Organized by brothers Charles and Edward Berwind and Judge Allison White, beginning with a mine in Clearfield County before opening additional mines in Cambria (the first was in Dunlo, followed by several in the Paint Creek Valley south of Johnstown), Somerset and Westmoreland Counties. The company town of Windber was established around 1898 just over the Cambria County line in Somerset County. The company operated several mines into the 1950s, and in 1962 was reorganized into the Berwind Company, a Philadelphia-based firm that manages the real estate holdings of the company. No longer engaged in mining, the firm still retains extensive mineral and surface rights in Cambria and Somerset Counties.

Bethlehem Mines Corporation

bethlehemmineA subsidiary of Bethlehem Steel, the corporation bought the mines belonging to Cambria Steel in 1923, and the Weaver coal properties in 1948. Later known as the BethEnergy Mines Corporation, this firm had active mines through the 1980s but declared bankruptcy in October 2001.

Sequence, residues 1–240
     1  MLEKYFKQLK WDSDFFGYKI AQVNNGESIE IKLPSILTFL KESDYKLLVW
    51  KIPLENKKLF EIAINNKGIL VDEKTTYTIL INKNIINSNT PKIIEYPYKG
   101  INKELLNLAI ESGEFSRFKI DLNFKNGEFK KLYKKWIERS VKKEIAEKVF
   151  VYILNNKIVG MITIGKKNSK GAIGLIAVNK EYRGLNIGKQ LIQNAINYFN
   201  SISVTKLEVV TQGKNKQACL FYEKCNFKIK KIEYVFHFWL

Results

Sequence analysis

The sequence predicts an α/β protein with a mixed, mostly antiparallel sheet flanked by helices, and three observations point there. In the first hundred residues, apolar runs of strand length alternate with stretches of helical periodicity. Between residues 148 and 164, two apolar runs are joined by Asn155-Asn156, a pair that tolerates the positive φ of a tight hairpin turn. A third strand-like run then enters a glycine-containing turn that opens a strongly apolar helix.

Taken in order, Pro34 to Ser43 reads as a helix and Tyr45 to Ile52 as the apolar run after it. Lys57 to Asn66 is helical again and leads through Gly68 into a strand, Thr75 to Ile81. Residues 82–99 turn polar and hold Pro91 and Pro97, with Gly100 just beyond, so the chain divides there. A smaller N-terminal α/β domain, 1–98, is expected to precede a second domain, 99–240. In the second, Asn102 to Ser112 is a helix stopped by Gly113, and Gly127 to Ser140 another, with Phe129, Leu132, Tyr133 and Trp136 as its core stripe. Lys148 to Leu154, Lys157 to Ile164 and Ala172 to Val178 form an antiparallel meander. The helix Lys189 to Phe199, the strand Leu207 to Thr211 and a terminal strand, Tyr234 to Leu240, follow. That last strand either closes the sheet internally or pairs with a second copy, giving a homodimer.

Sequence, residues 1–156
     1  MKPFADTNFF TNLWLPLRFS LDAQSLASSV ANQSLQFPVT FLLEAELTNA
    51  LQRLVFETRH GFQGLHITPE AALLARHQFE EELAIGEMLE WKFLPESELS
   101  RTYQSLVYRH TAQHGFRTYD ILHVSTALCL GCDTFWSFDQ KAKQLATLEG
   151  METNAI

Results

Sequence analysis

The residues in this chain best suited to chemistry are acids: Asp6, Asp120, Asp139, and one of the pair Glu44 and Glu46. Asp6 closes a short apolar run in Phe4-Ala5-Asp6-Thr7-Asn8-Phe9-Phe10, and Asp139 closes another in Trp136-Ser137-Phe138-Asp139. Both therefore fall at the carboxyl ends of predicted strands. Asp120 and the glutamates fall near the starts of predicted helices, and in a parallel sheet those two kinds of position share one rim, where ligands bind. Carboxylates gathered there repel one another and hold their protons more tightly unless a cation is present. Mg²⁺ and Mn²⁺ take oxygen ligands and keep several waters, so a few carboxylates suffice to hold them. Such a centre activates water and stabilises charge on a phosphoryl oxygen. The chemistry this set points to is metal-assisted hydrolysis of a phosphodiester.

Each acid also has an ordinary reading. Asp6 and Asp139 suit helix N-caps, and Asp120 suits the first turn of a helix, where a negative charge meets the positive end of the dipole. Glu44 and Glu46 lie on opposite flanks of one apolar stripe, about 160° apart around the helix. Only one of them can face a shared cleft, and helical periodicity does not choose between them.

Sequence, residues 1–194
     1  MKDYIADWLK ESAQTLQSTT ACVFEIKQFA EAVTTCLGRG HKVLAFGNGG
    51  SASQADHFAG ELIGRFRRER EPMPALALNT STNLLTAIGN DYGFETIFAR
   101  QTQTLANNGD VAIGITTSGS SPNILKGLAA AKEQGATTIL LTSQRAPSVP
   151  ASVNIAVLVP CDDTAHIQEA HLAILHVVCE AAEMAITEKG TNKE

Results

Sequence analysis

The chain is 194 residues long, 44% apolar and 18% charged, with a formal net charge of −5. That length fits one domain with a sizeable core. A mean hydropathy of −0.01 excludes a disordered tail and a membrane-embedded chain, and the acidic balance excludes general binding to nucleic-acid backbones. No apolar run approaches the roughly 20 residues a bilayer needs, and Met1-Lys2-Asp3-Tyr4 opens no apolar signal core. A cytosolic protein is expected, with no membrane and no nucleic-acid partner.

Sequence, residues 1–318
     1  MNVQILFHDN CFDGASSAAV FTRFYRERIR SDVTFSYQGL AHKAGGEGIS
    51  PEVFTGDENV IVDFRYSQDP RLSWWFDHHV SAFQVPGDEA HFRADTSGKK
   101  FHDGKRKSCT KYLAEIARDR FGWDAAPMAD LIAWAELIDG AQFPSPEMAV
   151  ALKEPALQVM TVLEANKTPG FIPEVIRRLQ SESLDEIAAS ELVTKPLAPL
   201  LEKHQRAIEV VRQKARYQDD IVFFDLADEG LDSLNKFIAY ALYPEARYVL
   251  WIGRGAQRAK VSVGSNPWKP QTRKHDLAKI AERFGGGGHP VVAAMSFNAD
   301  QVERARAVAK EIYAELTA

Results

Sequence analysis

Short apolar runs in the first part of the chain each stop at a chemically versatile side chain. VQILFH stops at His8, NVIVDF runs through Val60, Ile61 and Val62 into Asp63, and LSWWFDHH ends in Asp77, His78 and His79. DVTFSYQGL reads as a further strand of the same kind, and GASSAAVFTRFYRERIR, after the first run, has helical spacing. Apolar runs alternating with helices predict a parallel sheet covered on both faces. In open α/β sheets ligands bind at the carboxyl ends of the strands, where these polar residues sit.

Cambria Iron Company – The Cambria Iron Company and its successors, chiefly Bethlehem Steel, operated the most productive mines in Cambria County. The company mined coal here for more than a century. One of the most famous mines was the Rolling Mill Mine, which was located in Yoder (Westmont) Hill, near the convergence of the Little Conemaugh and Stoneycreek Rivers. One of the original portals to the Rolling Mill Mine is still visible near the Inclined Plane – through this portal coal was transported to the iron works on a company-built trestle. On July 10, 1902, the Rolling Mill Mine became the site of one of the deadliest accidents in U.S. mining history, when an explosion and resulting toxic gases killed 112 miners, mostly recent immigrants from Southern and Eastern Europe. By the time the Rolling Mill Mine closed in 1931, it had yielded nearly 22.4 million tons of coal.

Coleman & Weaver Company